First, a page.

Google Search reaches out to Flash content
In my previous article about RIAs and SEO, I talked about a solution to expose HTML pages through XSL transformation of dynamic content. I also mentioned an attempt of Google to crawl Flash content, inefficient as it could only read static data. Well now the situation evolved and looks very promising.
Adobe, with it’s recent “open mania”, has lifted the SWF (and FLV) format specifications and created the Open Screen project on the fly to help Adobe increase the Flash Player embedding into various devices (anything with a screen basically). Following this, Adobe has been working in cooperation with Google in order to make Flash more indexable by search engines.
Google was given a special version of the Flash Player so that its indexing robots could retrieve data directly from a SWF. The player just behaves like a standard human user and accesses data, writes it in a comprehensive robot-language and gives it back to the robot. So Googlebot is now able to crawl dynamic data !
Soon Yahoo will follow in the venture and probably other vendors as well.
Here are a few articles you’ll want to read :
- Google Webmaster Central Blog : improved Flash indexing
- Adobe’s article : SWF Searchability FAQ
- Adobe press release : enhanced search results for RIA
Google sums it up with this short news :
Now that we’ve launched our Flash indexing algorithm, web designers can expect improved visibility of their published Flash content, and you can expect to see better search results and snippets.
Ron Adler and Janis Stipins from Google relieve the designers :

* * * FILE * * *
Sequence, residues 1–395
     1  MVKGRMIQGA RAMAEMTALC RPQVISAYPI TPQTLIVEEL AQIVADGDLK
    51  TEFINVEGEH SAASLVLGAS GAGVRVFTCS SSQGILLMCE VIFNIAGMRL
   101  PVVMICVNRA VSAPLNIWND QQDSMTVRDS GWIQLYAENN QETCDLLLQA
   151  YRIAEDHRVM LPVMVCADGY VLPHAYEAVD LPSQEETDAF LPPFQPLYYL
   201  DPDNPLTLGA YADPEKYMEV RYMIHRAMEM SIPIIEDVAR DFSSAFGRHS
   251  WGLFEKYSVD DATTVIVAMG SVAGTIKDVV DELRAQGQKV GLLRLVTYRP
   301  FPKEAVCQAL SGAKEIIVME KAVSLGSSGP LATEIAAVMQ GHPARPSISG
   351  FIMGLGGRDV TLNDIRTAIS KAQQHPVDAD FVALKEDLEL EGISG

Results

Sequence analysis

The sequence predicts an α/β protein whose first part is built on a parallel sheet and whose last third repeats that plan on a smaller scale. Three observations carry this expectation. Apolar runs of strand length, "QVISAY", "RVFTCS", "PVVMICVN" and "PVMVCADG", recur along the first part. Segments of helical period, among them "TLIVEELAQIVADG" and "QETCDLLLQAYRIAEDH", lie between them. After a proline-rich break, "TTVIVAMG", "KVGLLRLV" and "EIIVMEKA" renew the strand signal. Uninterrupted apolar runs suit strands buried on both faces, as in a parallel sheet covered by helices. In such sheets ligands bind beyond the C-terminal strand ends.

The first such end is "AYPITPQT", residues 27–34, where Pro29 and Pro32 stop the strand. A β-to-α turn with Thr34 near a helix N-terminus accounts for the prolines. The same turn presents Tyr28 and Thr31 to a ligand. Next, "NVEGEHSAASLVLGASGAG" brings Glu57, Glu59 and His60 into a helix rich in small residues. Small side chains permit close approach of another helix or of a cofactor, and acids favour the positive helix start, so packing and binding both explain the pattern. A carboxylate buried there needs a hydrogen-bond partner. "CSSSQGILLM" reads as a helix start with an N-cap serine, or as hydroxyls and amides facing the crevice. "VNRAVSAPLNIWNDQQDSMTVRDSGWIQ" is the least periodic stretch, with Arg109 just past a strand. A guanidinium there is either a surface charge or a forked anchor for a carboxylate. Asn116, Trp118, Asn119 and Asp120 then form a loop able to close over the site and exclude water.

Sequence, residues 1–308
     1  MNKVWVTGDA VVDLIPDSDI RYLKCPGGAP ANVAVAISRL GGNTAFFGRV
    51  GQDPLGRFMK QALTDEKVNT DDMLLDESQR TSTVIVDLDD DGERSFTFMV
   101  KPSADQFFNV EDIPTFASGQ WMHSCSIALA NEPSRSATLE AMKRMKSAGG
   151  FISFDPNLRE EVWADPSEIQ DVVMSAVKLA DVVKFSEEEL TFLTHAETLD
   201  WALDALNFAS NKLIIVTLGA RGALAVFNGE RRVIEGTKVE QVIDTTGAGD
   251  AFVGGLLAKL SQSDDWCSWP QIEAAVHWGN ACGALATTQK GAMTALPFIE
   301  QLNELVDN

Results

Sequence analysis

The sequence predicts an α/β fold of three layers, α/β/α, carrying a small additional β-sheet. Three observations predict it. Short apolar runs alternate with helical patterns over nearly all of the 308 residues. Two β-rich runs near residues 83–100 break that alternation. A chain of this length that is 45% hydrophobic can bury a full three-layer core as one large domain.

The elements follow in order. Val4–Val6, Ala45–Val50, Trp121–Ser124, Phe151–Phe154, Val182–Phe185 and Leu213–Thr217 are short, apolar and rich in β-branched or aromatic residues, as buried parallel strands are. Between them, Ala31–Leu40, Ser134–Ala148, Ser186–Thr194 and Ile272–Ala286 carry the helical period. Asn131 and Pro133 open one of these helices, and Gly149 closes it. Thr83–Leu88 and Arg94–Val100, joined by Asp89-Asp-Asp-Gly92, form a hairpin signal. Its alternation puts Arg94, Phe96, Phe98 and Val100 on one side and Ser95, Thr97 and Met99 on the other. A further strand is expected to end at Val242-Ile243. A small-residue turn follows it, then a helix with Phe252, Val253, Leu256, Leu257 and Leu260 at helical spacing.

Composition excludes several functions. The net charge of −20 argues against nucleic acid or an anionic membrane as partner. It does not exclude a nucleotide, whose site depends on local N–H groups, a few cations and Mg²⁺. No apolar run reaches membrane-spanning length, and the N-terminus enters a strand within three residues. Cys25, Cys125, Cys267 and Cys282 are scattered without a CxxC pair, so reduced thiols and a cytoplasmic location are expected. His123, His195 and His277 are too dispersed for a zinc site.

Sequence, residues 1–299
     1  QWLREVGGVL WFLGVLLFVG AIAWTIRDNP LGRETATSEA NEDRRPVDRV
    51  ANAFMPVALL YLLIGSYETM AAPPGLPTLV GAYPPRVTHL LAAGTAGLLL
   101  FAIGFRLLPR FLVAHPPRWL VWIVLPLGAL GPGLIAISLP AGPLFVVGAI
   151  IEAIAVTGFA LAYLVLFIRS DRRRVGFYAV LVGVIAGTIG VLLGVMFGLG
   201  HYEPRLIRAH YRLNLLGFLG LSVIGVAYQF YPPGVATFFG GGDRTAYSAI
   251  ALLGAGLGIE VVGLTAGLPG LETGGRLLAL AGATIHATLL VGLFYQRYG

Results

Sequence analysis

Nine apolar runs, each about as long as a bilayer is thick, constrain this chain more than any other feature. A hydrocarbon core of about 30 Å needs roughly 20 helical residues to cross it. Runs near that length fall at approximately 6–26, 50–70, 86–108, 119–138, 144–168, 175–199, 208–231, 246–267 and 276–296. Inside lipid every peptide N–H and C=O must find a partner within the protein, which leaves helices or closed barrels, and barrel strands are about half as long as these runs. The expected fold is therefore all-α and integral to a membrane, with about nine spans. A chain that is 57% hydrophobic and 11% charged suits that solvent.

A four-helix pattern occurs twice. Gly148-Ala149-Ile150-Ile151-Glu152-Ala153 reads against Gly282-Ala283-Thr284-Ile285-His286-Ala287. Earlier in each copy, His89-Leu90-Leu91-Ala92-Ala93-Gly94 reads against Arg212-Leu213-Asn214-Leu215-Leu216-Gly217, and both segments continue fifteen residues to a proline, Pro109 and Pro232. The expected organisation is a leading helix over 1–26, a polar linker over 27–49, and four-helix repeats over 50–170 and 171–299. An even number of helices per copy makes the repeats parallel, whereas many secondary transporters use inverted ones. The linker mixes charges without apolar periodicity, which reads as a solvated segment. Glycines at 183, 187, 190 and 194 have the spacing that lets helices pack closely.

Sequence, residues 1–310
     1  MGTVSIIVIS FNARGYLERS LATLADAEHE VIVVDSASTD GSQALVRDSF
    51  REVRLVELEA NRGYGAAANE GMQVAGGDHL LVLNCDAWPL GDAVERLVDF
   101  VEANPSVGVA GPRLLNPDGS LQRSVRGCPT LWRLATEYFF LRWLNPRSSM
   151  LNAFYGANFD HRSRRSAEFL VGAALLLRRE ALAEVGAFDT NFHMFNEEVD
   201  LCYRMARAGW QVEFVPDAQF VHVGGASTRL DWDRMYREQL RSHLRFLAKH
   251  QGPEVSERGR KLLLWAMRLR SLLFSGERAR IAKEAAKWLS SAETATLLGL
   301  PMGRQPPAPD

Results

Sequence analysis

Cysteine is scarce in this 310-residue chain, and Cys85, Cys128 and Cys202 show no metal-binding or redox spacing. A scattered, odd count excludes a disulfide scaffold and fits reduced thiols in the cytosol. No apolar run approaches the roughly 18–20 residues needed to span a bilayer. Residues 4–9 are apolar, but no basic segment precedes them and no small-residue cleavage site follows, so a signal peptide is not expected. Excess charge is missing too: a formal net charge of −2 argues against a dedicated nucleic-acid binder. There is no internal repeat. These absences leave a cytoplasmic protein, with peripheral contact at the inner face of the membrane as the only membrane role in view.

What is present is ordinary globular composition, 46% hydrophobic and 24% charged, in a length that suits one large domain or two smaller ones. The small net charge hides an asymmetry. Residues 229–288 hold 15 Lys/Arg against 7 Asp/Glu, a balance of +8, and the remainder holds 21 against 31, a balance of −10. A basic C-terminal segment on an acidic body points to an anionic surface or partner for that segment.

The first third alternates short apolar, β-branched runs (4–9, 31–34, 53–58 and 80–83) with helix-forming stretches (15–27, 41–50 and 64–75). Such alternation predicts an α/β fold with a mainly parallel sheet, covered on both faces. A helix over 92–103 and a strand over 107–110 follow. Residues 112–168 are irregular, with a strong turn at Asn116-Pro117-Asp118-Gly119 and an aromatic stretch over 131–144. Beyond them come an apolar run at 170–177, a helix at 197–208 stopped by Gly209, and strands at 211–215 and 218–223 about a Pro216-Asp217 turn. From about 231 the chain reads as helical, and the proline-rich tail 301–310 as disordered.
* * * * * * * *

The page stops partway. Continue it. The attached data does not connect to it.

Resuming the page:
Basically, you don’t need to do anything. The improvements that we have made do not require any special action on the part of web designers or webmasters. If you have Flash content on your website, we will automatically begin to index it, up to the limits of our current technical ability.
So they say. Oh wait. Perhaps it’s not that simple. There are two important problems. Ron and Janis said there are still three technical limitations, two of them being the following.
2. We currently do not attach content from external resources that are loaded by your Flash files. If your Flash file loads an HTML file, an XML file, another SWF file, etc., Google will separately index that resource, but it will not yet be considered to be part of the content in your Flash file.
It is a major problem because a lot of ActionScript developers use a light SWF files that loads the rest of the application on demand. Sections are often broken down into several modules, sometimes meant for re-usability (an Object Oriented convenience).
Andrea Hill wrote some interesting thoughts on this topic.
Another major challenge in opening applications up to search is being able to direct the searcher to the relevant section within the experience.
I couldn’t agree more with that. There is a huge difference between RIAs and HTML in that the RIAs aren’t accessible automatically, you have to decide what is to be accessible. Adobe’s answer is in the SWF Searchability FAQ (listed above) :
To generate URLs at runtime that reflect the specific state of SWF content or RIA, developers can use Adobe Flex components that will update the location bar of a browser window with the information that is needed to reconstruct the state of the application.
For complex sites that have a finite number of entry points, you can highlight the specific URLs to a search spider using techniques such as site map XML files. Even for sites that use a single SWF, you can create multiple HTML files that provide different variables to the SWF and start your application at the correct subsection. By creating multiple entry points, you can get the benefits of a site that is indexed as a suite of pages but still only need to manage one copy of your application. For more information on deep-linking best practices, visit www.sitemaps.org/faq.php.
With all this in mind, it is not safe yet to think Flash web sites will be indexed easily. Google is already working on the limitations of the Googlebot and I’m looking forward to hearing news of their progresses.
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- 07.06.08 / 3